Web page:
"We at Philips need to be more serious about our activity in Israel," said Philips Healthcare Senior VP business development, strategy and M&A Arnaud Bernaert. "There were ideas, which when we first encountered them seemed too advanced for acquisition, and which were ultimately sold to competitors."
During his last visit to Israel, Bernaert met about 30 medical start-ups, and he expects to continue relations with at least 4-5 of them. "This is only the tip of the iceberg of what exists in Israel," he said.
There is no one more suitable than Philips Healthcare to establish investment operations in Israeli start-ups. The company specializes in imaging and home healthcare, and it already has a large development center in Israel, with more than 600 employees in a range of fields. In the past few years, the company acquired CDP Medical, which develops digital picture archiving and communications systems (PACS), and closely cooperates with Corindus Vascular Robotics Inc., which has developed robotic-assisted stent placement without the need of a doctor in the room, enabling more precise placement of stents and enabling the doctor avoid exposure to radiation.
"Robotics complements well with imaging; precision imaging enables precision robotics," says Bernaert. "We have a minority stake in Corindus, which obtained Food and Drug Administration (FDA) approval six months ago and has begun sales in the US, and we share in the distribution. We market the product side by side. We're definitely committed to invest in the company in later stages, so we can collect more clinical data and build a distribution channel. This is the first time that we're marketing a product with disposable material, and later, we may want to cooperate with other companies that sell such products, so that our distributors will 'improve' in this area, and we can build a distribution channel for disposables.
"Imaging-based non-invasive treatment is the big opportunity which we've marked for our future at Philips. Imaging as a diagnostic tool is already crowded and competitive, but when imaging-guided treatment is added, great value is created for the patient - fixing heart valves, ablation of heart tissue to prevent fibrillation, stent placement, catheter placement - all these are more precise when there is better imaging of the body's insides."
Philips Healthcare is also interested in clinical informatics. "At Sheba Medical Center we met a company called Radiologics, which has developed software to independently analyze images and prioritizes them for the doctor. For example, in the emergency room, the software can warn when it sees a patient hemorrhaging and should be examined. The software is a constantly learning artificial intelligence system. It doesn’t make clinical decisions for the doctor, but improves his work priorities. Today, a doctor goes to a patient based on appearance, or by the queue. It is still a small company, so I don’t want to raise false hopes, but it's fascinating."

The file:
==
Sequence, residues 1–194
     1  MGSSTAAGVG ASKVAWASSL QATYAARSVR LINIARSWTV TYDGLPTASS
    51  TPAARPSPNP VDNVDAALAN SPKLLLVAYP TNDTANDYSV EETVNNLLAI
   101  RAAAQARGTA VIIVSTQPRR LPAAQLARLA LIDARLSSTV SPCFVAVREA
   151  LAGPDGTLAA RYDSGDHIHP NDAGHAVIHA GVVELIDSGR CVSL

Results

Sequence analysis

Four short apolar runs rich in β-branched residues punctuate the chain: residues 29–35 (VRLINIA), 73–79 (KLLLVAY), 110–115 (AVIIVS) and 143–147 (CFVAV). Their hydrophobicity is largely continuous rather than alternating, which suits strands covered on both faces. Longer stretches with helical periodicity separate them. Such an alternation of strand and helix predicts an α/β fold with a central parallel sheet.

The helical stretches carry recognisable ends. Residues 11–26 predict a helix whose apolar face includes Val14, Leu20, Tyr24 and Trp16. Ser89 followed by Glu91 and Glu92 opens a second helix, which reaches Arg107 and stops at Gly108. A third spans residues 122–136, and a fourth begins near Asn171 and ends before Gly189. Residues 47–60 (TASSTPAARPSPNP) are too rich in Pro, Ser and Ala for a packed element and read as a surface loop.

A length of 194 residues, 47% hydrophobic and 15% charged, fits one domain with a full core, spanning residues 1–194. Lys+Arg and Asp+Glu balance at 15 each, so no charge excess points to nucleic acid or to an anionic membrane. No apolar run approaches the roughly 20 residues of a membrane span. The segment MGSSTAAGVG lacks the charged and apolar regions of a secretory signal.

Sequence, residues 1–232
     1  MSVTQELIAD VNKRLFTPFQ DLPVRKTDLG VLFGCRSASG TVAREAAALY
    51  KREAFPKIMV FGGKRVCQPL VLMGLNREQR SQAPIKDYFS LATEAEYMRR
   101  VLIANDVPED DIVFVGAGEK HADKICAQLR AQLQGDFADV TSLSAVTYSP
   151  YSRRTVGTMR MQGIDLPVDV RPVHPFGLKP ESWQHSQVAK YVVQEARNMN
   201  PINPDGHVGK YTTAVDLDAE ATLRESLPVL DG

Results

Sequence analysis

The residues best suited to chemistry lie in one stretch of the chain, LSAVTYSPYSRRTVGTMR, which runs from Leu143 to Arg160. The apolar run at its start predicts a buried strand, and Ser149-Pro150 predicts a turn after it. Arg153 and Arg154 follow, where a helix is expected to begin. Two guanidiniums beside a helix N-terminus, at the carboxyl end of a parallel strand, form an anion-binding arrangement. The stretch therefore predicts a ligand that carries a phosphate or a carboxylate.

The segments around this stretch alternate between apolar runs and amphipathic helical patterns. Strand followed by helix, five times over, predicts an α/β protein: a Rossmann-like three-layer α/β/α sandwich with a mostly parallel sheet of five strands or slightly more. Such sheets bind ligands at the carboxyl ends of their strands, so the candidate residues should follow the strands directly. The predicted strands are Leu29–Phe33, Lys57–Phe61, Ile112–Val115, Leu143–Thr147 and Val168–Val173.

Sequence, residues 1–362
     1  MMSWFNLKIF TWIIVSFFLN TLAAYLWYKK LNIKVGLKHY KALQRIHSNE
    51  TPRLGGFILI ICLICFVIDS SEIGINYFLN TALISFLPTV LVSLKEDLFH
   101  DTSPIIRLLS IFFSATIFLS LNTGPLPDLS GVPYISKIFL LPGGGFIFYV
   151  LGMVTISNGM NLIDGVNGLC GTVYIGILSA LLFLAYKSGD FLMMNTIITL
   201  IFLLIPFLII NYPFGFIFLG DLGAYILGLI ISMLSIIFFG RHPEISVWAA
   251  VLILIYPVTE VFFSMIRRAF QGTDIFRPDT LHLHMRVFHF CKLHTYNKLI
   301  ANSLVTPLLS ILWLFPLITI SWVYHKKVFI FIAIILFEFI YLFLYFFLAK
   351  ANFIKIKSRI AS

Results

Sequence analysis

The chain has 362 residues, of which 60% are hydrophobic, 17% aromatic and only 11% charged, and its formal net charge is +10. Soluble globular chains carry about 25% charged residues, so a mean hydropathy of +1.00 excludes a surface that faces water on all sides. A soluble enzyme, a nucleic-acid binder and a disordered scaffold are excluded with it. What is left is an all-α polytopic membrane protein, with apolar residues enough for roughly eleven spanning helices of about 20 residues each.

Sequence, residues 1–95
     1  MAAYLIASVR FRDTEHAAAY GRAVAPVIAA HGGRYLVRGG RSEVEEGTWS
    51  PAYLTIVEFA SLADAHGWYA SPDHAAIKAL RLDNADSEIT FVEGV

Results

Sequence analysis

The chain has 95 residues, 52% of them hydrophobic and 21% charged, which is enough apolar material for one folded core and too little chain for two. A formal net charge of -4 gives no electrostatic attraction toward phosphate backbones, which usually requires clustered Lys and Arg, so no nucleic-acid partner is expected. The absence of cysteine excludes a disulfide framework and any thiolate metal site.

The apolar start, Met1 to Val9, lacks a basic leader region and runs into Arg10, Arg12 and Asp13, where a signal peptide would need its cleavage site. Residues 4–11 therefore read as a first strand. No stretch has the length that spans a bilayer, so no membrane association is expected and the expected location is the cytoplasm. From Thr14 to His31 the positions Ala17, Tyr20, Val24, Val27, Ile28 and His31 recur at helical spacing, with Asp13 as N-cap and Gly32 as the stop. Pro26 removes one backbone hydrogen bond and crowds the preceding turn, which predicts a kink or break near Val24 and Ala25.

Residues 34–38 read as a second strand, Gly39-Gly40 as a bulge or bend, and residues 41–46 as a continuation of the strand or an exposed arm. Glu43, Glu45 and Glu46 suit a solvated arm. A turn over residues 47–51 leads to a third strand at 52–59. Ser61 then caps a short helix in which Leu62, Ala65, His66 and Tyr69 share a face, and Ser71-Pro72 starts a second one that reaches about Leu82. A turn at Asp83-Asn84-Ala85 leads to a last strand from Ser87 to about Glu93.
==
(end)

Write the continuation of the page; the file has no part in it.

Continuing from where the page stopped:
Israelis advance with limited resources
In addition to imaging, Philips Healthcare is seeking to develop in home healthcare. "I was very pleased by the meeting with Neuronix (which is developing a treatment for Alzhiemer's with a combination of magnetic stimulation and computer games-based cognitive exercises - G.W.). I was surprised that it failed to raise capital on the Tel Aviv Stock Exchange (TASE)," says Bernaert.
Bernaert is also interested in InSightec Image Guided Treatment Ltd., a subsidiary of Elbit Medical Technologies Ltd. (TASE:EMTC). The company uses focused ultrasound to ablate tissue, using MRI to image the procedure. Philips Healthcare's praise of InSightec should not be taken for granted. It has a cooperation agreement with Philip's rival GE Healthcare and Philips has its own MRI-guided ultrasound treatment device.
"InSightec has not had a breakthrough for many years, because it entered the market via uterine fibroid ablation, where we also operate," says Bernaert. "But when a doctor carries out the procedure, he has to fight with other wards for an MRI, while the alternative, a hysterectomy, he can do himself. InSightec has now entered fields where its technology is unique and needed more - treatments of the brain and bone tumors. Neurology wards have an available MRI and indemnification should be high enough, so it pays for a doctor to fight for the MRI. Economics is finally working in their favor."
Bernaert also favorably mentions Elron Electronic Industries Ltd. (TASE: ELRN) portfolio company Kyma Medical Technologies Ltd., which has developed a miniature body penetrating microwave device for monitoring patients with chronic heart failure; Robert Taub and Dr. Adi Mashiach's Nyxoah S.A., which has developed an implant for treating sleep apnea; and home treatment company Vaica Medical Ltd., which allows a pharmacist to package medications that notifies when a patient remembers or forgets to take them.
"I am surprised how Israeli companies are able to move forward with such limited resources," says Bernaert. "We want to cooperate with Israeli companies at an earlier stage. I have a mandate from Philips Healthcare CEO to establish in Israel an incubator style infrastructure."
Published by Globes [online], Israel business news - www.globes-online.com - on July 25, 2013
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